Some were orphans, some were deserted and some were sent by their own parents, all who sent them believed that the children would have a better start in life if they went to live in Canada. The children were sent from the workhouses, the industrial schools, the reformatories, also the Bristol Emigration Home for Little Girls, organised by Annie Macpherson. Poster Dominion CanadaSome had brothers or sisters with them, others were on their own; all were emigrated without family or friends to start a new life in Canada.

All the cities of Great Britain were facing problems of housing a large population, in certain areas houses with multi occupancy had become slum housing and it seemed that the streets were full of children, dirty, ragged and quick to steal food to eat or goods that could be sold. They were stunted in growth, deformed by rickets and plagued by infections which affected their faces and bodies. For a man trying to support his family he must go out to get work every day. If there was a financial crisis in the country, then work was hard to find and wages were low. Mothers also worked; children were left to look after each other while their parents were working. It was a very fine balance and if another baby came along or an elderly parent had to be supported then the family was in trouble. Families sold furniture to buy food and when that was all gone they sold what clothes they possessed, children unable to go to school because they lacked clothing. The children were left to run wild on the streets, they camped in dark doorways, made alleyways their homes and lived like beggars and lived with beggars.

In 1884 “The Bristol Mercury” published a series of articles entitled “The Homes of the Bristol Poor”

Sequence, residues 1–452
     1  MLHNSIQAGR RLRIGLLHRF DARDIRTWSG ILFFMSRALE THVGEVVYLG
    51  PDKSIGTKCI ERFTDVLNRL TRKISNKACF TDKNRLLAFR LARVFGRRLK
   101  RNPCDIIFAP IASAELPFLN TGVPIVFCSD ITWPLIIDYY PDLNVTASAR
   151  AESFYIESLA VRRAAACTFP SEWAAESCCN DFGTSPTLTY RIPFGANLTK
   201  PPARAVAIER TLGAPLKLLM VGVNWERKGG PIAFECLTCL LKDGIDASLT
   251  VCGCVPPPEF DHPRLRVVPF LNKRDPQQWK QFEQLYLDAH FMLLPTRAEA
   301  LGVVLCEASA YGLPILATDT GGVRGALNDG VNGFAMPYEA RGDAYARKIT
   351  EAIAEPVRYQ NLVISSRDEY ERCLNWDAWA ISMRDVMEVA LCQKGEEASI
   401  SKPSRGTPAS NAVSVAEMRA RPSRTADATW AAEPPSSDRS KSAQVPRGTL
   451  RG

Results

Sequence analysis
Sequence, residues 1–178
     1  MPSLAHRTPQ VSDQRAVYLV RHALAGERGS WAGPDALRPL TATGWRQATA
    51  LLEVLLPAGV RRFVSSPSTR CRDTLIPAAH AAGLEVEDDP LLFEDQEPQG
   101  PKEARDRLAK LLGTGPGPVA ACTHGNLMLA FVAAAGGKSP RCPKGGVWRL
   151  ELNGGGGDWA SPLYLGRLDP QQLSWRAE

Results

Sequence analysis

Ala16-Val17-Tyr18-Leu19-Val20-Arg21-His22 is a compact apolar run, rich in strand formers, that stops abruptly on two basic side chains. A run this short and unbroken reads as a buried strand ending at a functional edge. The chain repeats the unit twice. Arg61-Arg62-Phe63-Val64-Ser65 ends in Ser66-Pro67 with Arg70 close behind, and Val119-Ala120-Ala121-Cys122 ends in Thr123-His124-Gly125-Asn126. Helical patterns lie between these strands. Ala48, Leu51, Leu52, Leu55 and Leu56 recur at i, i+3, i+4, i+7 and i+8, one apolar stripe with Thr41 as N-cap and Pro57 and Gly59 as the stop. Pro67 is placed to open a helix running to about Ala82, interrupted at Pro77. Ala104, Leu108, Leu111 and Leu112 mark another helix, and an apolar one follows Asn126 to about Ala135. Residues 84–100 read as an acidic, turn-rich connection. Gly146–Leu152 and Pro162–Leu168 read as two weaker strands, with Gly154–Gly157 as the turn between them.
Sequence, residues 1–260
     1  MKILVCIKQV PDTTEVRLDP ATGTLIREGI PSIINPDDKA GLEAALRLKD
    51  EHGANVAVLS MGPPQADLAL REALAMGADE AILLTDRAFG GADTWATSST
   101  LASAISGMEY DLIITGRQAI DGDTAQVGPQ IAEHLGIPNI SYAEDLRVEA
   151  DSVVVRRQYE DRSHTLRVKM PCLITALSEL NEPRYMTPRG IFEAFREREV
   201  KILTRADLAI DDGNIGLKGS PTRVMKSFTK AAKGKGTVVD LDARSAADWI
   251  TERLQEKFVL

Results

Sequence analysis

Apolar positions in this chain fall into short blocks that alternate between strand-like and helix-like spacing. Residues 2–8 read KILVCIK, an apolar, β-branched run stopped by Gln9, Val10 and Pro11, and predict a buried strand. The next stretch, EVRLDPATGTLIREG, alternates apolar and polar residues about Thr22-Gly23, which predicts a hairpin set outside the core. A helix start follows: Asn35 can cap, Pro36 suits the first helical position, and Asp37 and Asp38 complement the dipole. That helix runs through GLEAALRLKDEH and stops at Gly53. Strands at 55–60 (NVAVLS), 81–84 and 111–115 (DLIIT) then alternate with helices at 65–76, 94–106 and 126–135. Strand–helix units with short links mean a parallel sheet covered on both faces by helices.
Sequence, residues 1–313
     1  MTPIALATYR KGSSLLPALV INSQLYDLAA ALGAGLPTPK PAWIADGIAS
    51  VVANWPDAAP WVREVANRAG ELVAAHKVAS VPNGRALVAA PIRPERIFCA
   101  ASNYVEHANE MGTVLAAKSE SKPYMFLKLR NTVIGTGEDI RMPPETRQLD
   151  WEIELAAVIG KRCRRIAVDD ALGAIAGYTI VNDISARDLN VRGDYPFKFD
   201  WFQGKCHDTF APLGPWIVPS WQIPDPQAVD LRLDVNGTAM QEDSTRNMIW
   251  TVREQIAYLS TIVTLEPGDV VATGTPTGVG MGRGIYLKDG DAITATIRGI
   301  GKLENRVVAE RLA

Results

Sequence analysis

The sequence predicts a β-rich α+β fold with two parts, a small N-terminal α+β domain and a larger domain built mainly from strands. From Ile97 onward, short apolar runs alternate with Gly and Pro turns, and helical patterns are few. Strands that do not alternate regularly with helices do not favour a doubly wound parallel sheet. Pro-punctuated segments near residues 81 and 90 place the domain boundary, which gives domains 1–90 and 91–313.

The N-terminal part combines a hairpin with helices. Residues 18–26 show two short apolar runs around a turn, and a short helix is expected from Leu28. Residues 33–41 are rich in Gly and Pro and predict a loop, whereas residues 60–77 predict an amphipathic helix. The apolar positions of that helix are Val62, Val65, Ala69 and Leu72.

Steep Street

The Bristol police brought many of these street children before the magistrates; the charge was “being with being without a home”, perhaps “being without proper guardianship” and they were sent to stay in the workhouse until inquiries were made about their home circumstances. Usually these children were then sentenced to live in an Industrial School until they were sixteen years of age. Many abandoned children were eventually sent to the workhouse by a Receiving Officer where they lived and went to school or sometimes sent to a Home run by the Guardians. The workhouses became full, and as it was cheaper to send a child to Canada than keep him or her until they were 16 years of age, emigration was sought as an alternative. It was the considered opinion of many people that the fresh air and good farm food of Canada would give the children a fresh start in life.


Cartoon Black & White

Maria Rye is saying, ” I thank you good Christian people for setting the children aboard the cart so I may drive off to take the little dears aboard a ship and take them thousands of miles away from their native land so they may never see any of their relatives again”.

Not all people agreed with emigration, this cartoon was drawn by George Cruickshank who thought that the emigration of children was a disgrace to the Christian world.

In the early years of this emigration movement many of the Bristol children sailed on the ships of the Great Western Steamship Company, which was owned by Mark Whitwill, a Bristol philanthropist. The company owned several small steam ships which were named after the counties of Devon, Somerset, Dorset, Gloucester and Bristol. The children boarded these ships at the ports of Newport, Swansea and Bristol. Many children sailed on the Allan Line ships from Liverpool. The captains enjoyed taking the children and allowed the crew to set up games on board during the voyage.

Part of Alan Line advert#

Mark Whitwill was actively involved in supporting the emigration of the “street children”. He was responsible for persuading the Barton Regis Board of Guardians to start the emigration process again in 1884 personally pledging that he would be responsible for informing the Guardians about the progress of their children. He took a very active role in the Bristol Emigration Society, working with Margaret Forster, to persuade the Guardians and the industrial schools to send children to Canada. He had business interests in New York so also took some children to the “Home for Little Wanderers” New York which was run by Rev. Van Meter.

Photo of M Whitwill#



Children also sailed on the Aragon which sailed from Bristol during the years of 1875—1880 carrying passengers and freight across the Atlantic to Canada and The States. The Great Western Steamship Company anxious to develop the emigration trade had sold some of their smaller ships which had become too small for the flourishing Atlantic trade, and bought this vessel.

Aragon Postcard#

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